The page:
Baptized December 20, 1904
Baptized at Embūtes parish
Baptized by Pastor K. Lundberg
Godparents: Adams Pogis

Baptismal Record: Anna Akerfelde

Akerfelds, Anna - Baptism

(Embūtes draudze, 1892-1896, page 110, baptism #149)

149. Anna
Daughter of Jēkabs Grinbergs (alias Akerfelds) and his wife Ieva
Born at Muižarāji farm, Lieldzelda estate
Born September 2, 1894 (Julian Calendar) / Septemner 14, 1894 (Gregorian Calendar)
Baptized on October 9, 1894
Baptized at Embūtes parish
Baptized by Pastor K. Lundberg
Godparents: Jānis Sedols, his wife Katrine and Anna Sedole

Mystery Monday: Ernests Akerfelds

As I previously mentioned, when it comes to the different Akerfelds families, the similarities and coincidences are many. One I’ll go into in detail is the prevalence of the name “Ernests” among them.

As I go forward, I’m going to refer to different “generations” of Akerfelds – “Jekabs” generation are those born around the same time as my Jekabs Grinbergs alias Akerfelds (1860-1875), possibly siblings or cousins, “Janis” generation are those born around the time as my Janis Akerfelds (1885-1905), and “Arvids” generation will refer to those born around the same time as my Arvids Akerfelds (1920-1940).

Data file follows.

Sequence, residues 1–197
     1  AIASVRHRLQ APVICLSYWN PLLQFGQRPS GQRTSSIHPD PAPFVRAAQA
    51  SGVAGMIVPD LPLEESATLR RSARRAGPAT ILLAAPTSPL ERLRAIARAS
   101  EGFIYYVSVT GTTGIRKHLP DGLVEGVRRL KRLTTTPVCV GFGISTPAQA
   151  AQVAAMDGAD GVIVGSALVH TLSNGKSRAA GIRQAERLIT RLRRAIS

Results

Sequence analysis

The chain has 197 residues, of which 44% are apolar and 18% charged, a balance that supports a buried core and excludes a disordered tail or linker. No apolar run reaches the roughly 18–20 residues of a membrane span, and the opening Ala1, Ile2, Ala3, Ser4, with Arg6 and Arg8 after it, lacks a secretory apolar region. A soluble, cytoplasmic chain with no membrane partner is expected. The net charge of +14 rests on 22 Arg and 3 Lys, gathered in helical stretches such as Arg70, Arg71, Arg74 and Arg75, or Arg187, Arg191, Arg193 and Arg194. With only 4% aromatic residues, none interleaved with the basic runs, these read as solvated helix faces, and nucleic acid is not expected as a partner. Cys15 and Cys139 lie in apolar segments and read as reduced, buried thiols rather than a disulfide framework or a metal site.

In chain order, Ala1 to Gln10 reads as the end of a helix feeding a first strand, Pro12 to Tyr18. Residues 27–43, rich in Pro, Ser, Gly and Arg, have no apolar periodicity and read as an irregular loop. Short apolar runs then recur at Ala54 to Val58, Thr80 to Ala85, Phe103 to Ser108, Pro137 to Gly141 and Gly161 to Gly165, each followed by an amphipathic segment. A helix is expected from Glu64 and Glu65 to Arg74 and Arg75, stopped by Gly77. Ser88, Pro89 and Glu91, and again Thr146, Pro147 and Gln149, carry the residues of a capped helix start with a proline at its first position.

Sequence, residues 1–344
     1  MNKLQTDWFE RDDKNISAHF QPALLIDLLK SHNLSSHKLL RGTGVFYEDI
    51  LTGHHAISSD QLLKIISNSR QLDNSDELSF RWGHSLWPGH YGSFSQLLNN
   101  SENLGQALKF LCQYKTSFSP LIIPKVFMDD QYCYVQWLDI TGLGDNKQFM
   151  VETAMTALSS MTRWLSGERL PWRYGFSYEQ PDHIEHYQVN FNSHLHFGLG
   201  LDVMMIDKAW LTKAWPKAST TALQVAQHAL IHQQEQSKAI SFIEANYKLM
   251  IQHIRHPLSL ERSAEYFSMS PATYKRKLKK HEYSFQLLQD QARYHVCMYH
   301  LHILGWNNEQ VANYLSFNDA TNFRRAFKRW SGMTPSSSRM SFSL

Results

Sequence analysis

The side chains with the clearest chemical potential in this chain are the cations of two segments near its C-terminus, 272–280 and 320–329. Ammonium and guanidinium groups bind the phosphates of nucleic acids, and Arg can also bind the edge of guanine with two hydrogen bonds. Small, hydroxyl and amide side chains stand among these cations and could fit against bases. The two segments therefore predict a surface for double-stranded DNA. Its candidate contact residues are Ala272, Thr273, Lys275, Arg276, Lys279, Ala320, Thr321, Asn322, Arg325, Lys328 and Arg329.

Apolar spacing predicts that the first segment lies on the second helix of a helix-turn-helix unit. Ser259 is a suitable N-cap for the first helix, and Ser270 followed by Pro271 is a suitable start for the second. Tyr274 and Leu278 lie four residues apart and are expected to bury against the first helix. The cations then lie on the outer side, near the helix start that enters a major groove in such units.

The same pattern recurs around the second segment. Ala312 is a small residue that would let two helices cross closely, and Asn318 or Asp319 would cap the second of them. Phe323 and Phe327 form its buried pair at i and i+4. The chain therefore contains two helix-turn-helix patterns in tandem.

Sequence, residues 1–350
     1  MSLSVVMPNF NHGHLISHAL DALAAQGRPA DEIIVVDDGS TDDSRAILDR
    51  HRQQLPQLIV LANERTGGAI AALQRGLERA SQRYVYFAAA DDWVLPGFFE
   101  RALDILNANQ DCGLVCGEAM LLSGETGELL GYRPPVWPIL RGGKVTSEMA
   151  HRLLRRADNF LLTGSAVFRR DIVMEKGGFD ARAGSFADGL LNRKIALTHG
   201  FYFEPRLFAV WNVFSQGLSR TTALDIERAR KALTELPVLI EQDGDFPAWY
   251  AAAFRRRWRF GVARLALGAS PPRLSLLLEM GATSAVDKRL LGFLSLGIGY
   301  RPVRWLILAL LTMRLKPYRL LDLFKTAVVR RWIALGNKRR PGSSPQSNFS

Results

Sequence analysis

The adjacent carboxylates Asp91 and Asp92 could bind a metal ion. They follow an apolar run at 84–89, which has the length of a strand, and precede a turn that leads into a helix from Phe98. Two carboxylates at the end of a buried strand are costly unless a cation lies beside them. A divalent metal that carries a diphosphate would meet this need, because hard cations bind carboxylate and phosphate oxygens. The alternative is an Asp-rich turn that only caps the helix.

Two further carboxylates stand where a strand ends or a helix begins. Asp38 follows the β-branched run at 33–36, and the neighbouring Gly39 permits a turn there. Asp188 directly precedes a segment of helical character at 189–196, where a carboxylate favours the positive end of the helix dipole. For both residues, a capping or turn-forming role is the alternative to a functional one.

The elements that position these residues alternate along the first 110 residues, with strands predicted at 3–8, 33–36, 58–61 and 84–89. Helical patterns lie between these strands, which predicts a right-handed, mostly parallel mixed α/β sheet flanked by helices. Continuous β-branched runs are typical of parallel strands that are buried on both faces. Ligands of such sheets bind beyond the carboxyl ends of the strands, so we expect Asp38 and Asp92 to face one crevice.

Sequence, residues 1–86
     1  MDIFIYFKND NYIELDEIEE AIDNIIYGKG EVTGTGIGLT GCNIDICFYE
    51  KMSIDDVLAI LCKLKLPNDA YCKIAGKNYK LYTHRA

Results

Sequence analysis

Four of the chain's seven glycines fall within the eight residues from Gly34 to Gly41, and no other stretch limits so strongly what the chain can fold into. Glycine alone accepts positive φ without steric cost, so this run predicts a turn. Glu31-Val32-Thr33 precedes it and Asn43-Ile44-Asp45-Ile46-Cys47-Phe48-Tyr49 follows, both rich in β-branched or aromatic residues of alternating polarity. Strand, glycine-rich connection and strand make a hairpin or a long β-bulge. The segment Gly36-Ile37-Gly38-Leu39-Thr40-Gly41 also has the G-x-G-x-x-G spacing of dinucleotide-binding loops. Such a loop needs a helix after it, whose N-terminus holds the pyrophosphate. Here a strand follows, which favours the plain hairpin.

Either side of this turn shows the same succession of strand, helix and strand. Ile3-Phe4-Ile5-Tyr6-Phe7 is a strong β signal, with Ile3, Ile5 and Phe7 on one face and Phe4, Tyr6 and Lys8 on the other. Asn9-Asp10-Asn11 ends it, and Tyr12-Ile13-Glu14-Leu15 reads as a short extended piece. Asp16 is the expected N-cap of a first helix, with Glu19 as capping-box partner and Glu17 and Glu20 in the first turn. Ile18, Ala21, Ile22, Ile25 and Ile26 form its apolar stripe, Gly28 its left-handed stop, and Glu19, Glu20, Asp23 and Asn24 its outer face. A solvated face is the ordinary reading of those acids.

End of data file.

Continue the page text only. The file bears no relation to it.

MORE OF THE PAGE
Note the small name alterations in “Akerfelds” as I go, I am going to write the name as it appears in the documents.

I’ll explore these Ernests a little:

Ernests Akerfelds #1 (Jekabs generation)

In 1873, at Rusi farm in Lieldzelda (a little north of present Nikrace) Kristaps Eichenfelds and his wife Marija had a son, who they named Ernests Eichenfelds. He was baptised at Embute Lutheran church. His godparents are listed as Ernest Steinberg, Lotte Rusivics and Willis Pumpins. Unfortunately, this Ernests died less than a year later in 1874. This Ernests also had a sister named Ieva who perished as an infant a few years before him. This Ernests would be of Jekabs’ generation, had he survived.

Ernests Akerfelds #2 (Jekabs generation)

In 1887 at Embute Lutheran church, Ernests Hackenfeld married Ieva Hase (who was born in Skrunda). Since he was married in 1887, one could assume he was born around 1865, so Jekabs’ generation. In September of the same year they were married, they welcomed a daughter named Annlise Hackerfeld at Lappe farm in Brinkenhof (Nikrace). Annlise’s godparents were madchen (unmarried or young girl) Annlise Grinbergs, wirt (landowner) Willis Wallenberg, and knecht (labourer) Eewald Redlichs. Sadly, a month after Annlise’s birth, Ieva passed away at age 23. Even more sadly, at age 7 weeks, without a mother, Annlise Hackerfeld also passed away, apparently of diphtheria.